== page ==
council, and the university. A new map-matching method is developed that can be implemented in different platforms. It consists of a number of basic functions, such as road identification, road following, road feature extraction, and reliability assessment. The precise map information has also been integrated with the navigation units to provide

calibration for DR errors.

Do you think we need more user-friendly maps?

Yes, the main requirement of maps for navigation purpose is effectiveness. Experimental results in psychology indicate that it is dangerous for the driver to leave his/her attention away from the road for more than a few seconds. To make maps effective, general-purpose maps should be greatly simplified because too much information on the map would confuse the driver. Furthermore, map symbols critical for navigation should be more attractive than symbols for the surrounding environment. The aim is to achieve optimum design of effective maps for land vehicle navigation. In one of our studies, effective use of visual variables (shape, size, orientation and color), dynamic variables (duration, change of rate and order), and exploration acts (blink, highlight, zooming, pan, drag and click) in dynamic visualization are explored, and maps with different complexity and perspective points are designed and experimentally tested in Hong Kong.

What is the status of public transport system?

Hong Kong’s public transport system is complicated. Residents and tourists rely on public transport for everyday travel. To assist people, a web-based multi-modal public transport query and guiding system, EASYGO, has been developed. This is a collaborative venture between the Department of Land Surveying and Geo-Informatics of the Hong Kong Polytechnic University and the Brilliant Technology Development Limited. The system finds optimal travelling routes for users in terms of fewer mode transfers, shortest travelling time and lowest fare. It is designed for mobile phone and internet connection so that transport users may plan their travels in advance. EASYGO is multi-modal, in that it includes all legally run public transport modes throughout the whole territory of Hong Kong and those linking to the neighbouring Guangdong townships and cities. These cover all kinds of mass transits, buses, minibuses, ferries and trams. The project started in early 2002 and is now commercialized with the collaboration of several telecom companies. The system has also widely been used among visitors, students and staff via the University campus kiosks and portal system.

What about LBS in Hong Kong?

Although mobile positioning technology has many potential applications in Hong Kong, the use of LBS is still at an early stage. Major concerns are related to its accuracy and reliability. It is believed that LBS platforms now available in Hong Kong can generally provide positional information better than 500m accuracy in the urban area which would be sufficient for various applications such as manpower and fleet management, transportation query and guidance system. This research investigates the accuracy achievement of current LBS in Hong Kong.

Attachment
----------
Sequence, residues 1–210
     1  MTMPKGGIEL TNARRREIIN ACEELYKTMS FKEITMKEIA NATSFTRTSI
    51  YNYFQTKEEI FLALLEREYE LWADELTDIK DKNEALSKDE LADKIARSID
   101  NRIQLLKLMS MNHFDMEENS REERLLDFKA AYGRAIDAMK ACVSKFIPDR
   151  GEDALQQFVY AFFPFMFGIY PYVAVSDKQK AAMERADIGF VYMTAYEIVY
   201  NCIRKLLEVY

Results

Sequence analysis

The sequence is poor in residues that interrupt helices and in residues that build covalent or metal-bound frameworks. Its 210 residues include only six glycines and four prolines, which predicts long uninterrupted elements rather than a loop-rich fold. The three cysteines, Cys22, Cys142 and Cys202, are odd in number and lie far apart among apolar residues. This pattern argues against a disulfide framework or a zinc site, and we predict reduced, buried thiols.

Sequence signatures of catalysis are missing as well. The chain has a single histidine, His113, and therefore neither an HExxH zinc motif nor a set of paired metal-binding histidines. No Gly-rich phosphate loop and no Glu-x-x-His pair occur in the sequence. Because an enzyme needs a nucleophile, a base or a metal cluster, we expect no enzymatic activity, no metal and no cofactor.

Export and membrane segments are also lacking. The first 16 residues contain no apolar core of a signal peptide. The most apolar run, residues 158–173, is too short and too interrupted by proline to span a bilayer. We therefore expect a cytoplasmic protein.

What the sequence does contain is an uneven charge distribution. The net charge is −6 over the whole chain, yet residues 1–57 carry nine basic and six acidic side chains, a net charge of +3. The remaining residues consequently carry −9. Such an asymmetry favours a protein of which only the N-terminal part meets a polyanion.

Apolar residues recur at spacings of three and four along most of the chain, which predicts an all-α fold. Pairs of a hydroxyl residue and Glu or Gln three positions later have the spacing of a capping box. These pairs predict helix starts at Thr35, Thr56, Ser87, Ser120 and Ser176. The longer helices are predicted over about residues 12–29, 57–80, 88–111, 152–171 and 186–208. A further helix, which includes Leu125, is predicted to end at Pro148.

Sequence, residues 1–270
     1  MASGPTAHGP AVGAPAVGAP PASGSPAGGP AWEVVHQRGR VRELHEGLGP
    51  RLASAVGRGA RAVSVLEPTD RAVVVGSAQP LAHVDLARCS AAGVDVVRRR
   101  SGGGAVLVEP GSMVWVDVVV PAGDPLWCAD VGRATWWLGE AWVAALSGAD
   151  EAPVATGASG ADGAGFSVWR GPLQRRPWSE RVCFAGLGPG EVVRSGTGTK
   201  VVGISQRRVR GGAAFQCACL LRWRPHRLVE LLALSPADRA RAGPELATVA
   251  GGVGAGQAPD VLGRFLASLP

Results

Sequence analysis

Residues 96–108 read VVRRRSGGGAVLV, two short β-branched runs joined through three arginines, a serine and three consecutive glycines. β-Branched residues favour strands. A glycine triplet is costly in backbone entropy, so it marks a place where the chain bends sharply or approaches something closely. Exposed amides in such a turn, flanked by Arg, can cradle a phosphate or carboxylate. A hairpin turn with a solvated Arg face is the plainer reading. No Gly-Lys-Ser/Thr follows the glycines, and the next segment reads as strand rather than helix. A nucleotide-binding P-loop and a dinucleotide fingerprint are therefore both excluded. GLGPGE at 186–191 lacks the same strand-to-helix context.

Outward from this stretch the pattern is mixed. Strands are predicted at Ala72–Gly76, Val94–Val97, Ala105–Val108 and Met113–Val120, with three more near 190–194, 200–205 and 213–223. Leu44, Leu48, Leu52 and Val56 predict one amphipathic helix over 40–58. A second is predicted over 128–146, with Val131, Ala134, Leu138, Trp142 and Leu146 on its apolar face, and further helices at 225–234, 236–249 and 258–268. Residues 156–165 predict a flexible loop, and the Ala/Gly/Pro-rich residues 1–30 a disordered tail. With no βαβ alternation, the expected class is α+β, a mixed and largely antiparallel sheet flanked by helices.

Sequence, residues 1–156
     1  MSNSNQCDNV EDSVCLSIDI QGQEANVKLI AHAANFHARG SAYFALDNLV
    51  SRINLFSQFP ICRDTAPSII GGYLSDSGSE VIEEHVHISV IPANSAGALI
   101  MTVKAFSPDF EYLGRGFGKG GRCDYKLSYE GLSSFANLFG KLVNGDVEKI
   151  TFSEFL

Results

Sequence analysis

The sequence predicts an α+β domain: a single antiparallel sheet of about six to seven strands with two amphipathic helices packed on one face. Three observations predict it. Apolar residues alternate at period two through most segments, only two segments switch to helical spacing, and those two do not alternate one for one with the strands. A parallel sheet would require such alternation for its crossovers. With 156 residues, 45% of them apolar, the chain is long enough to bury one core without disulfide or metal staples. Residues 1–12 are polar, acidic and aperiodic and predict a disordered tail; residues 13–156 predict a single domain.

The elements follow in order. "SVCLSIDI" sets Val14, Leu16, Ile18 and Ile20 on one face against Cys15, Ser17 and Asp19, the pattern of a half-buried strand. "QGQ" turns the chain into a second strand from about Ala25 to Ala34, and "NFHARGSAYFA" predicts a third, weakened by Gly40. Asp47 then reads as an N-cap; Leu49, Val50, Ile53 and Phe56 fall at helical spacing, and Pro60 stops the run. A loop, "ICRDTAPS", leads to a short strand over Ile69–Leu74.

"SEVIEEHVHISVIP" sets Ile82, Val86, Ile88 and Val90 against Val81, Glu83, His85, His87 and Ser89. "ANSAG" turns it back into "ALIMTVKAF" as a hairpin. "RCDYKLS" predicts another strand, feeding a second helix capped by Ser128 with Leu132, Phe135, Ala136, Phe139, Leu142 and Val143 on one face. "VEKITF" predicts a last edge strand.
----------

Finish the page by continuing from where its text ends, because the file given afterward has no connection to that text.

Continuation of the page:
It was found that the current LBS can generally provide better than 200m accuracy in urban areas, but the positioning error in rural areas can be as high as 1km. The trend for LBS in Hong Kong will gradually move to the hybrid positioning technique, which is the combination of AGPS and cellular network positioning, to provide high accuracy indoor and outdoor location based services. Future application of LBS technology are only limited by our imagination, and include manpower and fleet management, travel aids, location identification in case of emergency, and the provision of guidance for visually impaired persons.

Any interesting application of geospatial technology?

Terrestrial laser scanners provide high density, accurate spatial data, but do not (typically) provide high quality spectral information and are earth-bound. Cameras produce high quality spectral information and can be moved freely about an object, but photogrammetrically extracting 3D data can be cumbersome and time consuming. Methodologies to exploit the positive characteristics of these two technologies to automatically produce representations that contain high quality spatial and spectral information have been developed.

chenDr. Chen Yong-qi has been a Chair Professor and Head of Department at the Hong Kong Polytechnic University since 1994. Before joining the university he was Professor and Head of Department in then Wuhan Technical University of Surveying

and Mapping, China. Dr. Chen earned his PhD degree from the University of New Brunswick (UNB), Canada in 1983. He has published 7 books and over 300 technical papers.lsyqchen@polyu.edu.hk